give it a name by executing the DefineNamedMacro function, bound to \en
       (escape-n).  The function takes a single character argument which  will
       be  the name of the macro.  Any previous macro with that same name will
       be destroyed.  To execute a named macro simply  use  the	 ExecuteNamed‐
       Macro  function,	 bound to \ex, and give it the name of the macro to be
       executed. Named macros can also be bound to  keys  using	 the  built-in
       C shell	command	 bind-to-key.	Named  keyboard macros can be saved in
       files and loaded from files.  To save the named macros in a file simply
       type the file name on the command line (by itself) and then execute the
       SaveMacroFile function bound to ^X^S. To	 read  a  file	of  previously
       saved  macros  type  the	 file name on the command line and execute the
       LoadMacroFile function bound to ^X^R. Success in each case is indicated
       by the erasure of the file name.	 It is okay to store macros in several
       different macro files. NB:  It is not advisable to try  to  edit	 saved
       macros!	 If  the  shell variable macrofiles is assigned (in the user's
       file) the names of one or more files of	saved  keyboard	 macros,  then
       those  macro  files  will be automatically loaded when the shell starts
       up. Similarly, the variable savemacros can be assigned the  name	 of  a
       (single)	 file  in  which  all named macros will be saved when the user
       logs out.

       NB: The names of the incremental search functions  have	changed	 since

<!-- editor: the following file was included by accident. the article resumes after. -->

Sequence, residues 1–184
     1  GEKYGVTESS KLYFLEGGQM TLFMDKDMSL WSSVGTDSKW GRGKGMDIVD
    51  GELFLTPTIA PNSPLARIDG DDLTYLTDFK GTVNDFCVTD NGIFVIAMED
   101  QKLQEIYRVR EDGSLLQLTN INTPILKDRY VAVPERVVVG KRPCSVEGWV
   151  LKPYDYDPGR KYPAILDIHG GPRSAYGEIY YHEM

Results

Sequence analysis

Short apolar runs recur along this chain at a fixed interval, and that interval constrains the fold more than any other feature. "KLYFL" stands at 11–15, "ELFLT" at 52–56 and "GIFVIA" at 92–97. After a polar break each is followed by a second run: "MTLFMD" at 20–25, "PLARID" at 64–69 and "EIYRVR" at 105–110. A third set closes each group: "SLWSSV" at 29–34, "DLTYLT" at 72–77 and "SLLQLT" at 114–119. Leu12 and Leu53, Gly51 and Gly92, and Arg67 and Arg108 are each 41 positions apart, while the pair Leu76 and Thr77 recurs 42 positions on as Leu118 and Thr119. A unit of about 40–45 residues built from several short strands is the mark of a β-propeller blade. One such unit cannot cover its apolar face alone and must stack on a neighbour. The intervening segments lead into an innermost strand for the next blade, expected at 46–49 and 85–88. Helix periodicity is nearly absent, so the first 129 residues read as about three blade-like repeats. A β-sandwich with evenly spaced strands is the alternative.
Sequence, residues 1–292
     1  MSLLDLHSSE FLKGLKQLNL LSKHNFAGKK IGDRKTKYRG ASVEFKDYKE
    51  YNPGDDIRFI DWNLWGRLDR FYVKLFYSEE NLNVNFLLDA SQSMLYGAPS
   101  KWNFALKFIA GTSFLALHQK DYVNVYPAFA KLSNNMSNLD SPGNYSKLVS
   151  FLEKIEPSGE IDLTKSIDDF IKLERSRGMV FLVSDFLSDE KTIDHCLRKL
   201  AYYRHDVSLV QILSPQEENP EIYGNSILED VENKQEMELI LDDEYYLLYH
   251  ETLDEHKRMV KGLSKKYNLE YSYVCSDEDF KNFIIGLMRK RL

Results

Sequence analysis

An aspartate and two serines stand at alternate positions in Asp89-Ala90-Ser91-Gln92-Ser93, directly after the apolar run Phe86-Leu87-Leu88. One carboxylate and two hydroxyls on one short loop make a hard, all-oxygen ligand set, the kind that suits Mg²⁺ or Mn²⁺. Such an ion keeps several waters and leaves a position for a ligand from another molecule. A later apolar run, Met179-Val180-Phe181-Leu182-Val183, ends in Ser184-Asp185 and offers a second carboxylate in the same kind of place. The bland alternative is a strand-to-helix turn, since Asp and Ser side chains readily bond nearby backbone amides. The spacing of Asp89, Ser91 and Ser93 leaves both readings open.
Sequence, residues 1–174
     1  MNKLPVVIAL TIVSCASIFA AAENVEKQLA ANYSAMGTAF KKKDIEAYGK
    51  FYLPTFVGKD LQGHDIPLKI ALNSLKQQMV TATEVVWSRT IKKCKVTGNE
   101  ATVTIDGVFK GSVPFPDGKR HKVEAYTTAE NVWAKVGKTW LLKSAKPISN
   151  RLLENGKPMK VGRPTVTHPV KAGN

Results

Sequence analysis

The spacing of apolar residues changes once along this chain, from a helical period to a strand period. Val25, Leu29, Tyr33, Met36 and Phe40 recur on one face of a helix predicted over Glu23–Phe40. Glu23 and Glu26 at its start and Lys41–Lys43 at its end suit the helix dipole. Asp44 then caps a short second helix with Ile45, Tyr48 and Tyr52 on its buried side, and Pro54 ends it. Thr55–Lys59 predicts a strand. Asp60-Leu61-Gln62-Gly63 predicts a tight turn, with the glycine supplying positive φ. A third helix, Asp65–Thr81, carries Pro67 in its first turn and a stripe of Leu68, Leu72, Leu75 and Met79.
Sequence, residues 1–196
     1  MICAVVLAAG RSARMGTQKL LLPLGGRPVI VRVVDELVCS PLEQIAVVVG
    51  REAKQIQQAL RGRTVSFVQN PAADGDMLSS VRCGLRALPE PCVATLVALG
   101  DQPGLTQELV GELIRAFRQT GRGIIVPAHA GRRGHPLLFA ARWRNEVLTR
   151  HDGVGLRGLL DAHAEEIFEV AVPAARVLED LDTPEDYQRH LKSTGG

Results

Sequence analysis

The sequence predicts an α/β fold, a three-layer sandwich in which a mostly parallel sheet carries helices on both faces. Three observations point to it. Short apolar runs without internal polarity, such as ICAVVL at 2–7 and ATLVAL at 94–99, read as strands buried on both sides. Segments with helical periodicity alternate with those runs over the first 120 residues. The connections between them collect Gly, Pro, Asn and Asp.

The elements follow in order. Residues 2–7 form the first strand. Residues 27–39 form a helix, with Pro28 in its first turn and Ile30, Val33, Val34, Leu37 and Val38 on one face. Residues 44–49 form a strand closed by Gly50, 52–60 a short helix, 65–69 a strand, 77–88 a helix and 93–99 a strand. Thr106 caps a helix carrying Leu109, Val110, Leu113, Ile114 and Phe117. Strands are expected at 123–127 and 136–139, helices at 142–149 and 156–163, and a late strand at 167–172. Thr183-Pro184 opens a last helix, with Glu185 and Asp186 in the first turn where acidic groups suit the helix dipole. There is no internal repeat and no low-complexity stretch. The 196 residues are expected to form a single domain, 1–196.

earlier releases of this shell.

       Four  search functions are available to the user, but are not bound (by
       default) to keys.  If you want to use them, use the C shell bind-to-key
       command	to bind them to keys.  When the user executes this function he
       is placed in a read/search loop in which the  string  to	 be  found  is
       built up character by character.	 As each new character is added to the
       search string the cursor is placed at the end of the first match on the
       command line following the position of the cursor when the function was
       executed.  You can reexecute the search function while in the  loop  to
       cause  the  cursor to move to subsequent matches.  Type ESC to exit the
       loop.  This function is similar to IncrementalSearchForward except that
       the cursor is placed at the beginning of the first match on the command
       line preceding the position of the cursor when the  function  was  exe‐
       cuted.	This  function	grabs the next character you type and searches